Digital Humanities - Data Cleaning

Cleaning data is an essential process for anyone working with data in their research. 

“It is often said that 80% of data analysis is spent on the process of cleaning and preparing the data (Dasu and Johnson 2003). Data preparation is not just a first step, but must be repeated many times over the course of analysis as new problems come to light or new data is collected.”
Hadley Wickham, Tidy Data

Clean or tidy data relates to the opposing concept of ‘messy’ data. Simply put, messy data is data containing inconsistencies or structural issues. This may include duplicate records, empty values and inconsistent spelling or formatting. For example, where you have the same value entered differently it will hide or misrepresent how often that value appears. If left unaddressed, these kinds of issues can lead to inaccuracies and misrepresentations in any subsequent data analysis, visualisation or research output. 

Some examples of data cleaning activities:

  • Standardizing abbreviations or spellings
  • Cleaning data generated from OCR
  • Formatting addresses so they can be geocoded in bulk

Data cleaning can be time-consuming, but done properly, it helps provide a data set that can be easily combined with a variety of analytical tools. We can advise on tools and skills to speed up repetitive tasks and help ensure your data is clean, portable and reusable.

Managing your data effectively

Before you start cleaning your data set, keeping some best practices in mind when working with data will help make it easier to manage:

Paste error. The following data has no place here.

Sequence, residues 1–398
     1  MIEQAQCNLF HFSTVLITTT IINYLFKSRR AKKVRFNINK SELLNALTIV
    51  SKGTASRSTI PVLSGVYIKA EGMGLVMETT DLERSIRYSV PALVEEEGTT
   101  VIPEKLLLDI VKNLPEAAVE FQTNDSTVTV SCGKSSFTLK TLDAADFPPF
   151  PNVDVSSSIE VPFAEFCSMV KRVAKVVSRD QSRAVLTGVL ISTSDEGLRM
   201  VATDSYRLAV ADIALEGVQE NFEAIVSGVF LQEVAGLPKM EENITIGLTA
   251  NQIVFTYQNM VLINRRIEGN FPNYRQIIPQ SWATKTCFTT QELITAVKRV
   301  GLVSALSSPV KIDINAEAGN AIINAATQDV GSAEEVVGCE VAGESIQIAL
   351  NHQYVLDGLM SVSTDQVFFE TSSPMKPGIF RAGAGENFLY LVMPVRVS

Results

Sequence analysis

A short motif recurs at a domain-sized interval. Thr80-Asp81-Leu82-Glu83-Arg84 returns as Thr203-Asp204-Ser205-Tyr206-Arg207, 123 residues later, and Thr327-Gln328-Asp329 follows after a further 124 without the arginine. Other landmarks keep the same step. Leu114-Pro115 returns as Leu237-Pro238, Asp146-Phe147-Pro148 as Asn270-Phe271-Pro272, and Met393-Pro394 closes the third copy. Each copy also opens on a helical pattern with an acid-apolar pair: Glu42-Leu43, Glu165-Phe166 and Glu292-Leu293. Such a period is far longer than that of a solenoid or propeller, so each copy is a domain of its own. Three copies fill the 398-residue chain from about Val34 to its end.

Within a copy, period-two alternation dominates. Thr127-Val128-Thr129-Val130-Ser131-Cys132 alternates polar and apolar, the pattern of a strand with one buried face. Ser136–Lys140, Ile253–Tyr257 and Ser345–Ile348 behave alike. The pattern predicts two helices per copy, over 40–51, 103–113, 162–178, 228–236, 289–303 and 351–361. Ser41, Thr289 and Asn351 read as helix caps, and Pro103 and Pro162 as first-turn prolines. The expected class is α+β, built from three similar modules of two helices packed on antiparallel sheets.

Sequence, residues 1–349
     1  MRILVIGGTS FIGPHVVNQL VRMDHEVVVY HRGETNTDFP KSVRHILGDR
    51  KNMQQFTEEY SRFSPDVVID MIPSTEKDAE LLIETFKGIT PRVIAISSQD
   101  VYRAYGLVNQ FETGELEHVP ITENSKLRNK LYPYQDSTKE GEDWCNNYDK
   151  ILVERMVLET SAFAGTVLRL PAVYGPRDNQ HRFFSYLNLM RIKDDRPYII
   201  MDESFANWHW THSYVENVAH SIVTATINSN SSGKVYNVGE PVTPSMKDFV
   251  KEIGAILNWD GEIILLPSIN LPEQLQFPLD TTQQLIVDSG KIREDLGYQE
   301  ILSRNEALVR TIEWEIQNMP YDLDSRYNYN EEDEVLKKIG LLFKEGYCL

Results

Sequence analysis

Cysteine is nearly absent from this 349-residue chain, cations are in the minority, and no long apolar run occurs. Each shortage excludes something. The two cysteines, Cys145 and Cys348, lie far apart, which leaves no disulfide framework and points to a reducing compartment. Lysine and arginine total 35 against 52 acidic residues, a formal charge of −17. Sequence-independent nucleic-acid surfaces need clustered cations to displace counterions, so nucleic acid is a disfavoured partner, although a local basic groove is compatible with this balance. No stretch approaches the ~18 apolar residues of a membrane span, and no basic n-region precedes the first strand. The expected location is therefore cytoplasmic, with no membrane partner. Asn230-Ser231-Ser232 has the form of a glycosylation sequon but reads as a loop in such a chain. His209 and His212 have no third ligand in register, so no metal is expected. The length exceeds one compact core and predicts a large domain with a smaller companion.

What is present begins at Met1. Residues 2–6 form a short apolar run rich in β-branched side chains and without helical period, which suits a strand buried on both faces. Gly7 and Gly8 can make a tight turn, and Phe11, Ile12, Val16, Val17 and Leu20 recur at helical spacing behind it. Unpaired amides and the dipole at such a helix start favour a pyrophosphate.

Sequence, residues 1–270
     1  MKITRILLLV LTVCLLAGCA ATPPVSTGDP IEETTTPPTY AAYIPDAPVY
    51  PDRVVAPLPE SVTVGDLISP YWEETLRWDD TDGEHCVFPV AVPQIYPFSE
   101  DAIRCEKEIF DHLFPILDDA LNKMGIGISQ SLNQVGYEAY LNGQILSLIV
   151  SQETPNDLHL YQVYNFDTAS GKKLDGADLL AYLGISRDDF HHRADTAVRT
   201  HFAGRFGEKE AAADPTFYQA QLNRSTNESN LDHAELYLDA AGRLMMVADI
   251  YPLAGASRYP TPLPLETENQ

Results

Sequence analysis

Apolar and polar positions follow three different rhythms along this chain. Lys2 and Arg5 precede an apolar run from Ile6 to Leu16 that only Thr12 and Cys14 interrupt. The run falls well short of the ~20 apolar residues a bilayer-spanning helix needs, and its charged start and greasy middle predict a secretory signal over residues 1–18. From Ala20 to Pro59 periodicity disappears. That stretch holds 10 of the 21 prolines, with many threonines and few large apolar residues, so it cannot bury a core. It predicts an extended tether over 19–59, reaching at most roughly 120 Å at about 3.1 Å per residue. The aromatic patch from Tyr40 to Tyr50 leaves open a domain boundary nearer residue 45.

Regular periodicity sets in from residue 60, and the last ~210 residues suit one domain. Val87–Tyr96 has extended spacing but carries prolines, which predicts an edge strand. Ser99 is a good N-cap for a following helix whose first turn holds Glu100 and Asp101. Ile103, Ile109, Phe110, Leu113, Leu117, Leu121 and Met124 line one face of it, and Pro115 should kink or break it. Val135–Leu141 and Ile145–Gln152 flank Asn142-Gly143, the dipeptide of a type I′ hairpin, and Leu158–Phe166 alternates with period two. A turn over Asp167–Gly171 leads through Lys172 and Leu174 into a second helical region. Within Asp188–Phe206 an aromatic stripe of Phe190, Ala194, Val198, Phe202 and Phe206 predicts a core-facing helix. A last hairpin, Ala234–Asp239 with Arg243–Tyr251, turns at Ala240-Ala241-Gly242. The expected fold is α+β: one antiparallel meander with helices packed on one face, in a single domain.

• Save your files in the UTF-8 encoding to ensure they maintain their integrity and are usable with a variety of tools
  • When possible, opt for human-readable file formats over proprietary, binary file formats (i.e. choose .csv over .xslx for spreadsheets; choose .txt over .doc for text files). Contents of files in proprietary formats, such as those created by Microsoft Excel and Word, are less transparent and harder to manage over the years. Human-readable formats, like .csv, can be used directly by many tools and can be opened and manipulated with a simple text editor.
  • Backup your data often
  • Consider sharing your data on GitHub, publishing it on your scholarly blog, or sharing it on a research website. We also offer a workshop on Git and Github

Cleaning Data with OpenRefine Workshop

We offer training and support in data cleaning skills using OpenRefine, an open source tool which allows you to (a) find out whether your dataset is messy and (b) take steps to clean your data prior to analysis or visualisation. It also enables you to carry out powerful bulk operations on your data without having to learn programming syntax or commands.

Our workshop covers how to:

  • Get an overview of a dataset
  • Find and resolve inconsistencies
  • Split data up into more granular parts
  • Enhance a dataset with data from other sources

It is a hands-on workshop where you work through and learn the main functions of OpenRefine such as:

  • Facets and Filters
  • Clusters and Transforms 
  • GREL and Regular Expressions

No prior knowledge of OpenRefine is assumed.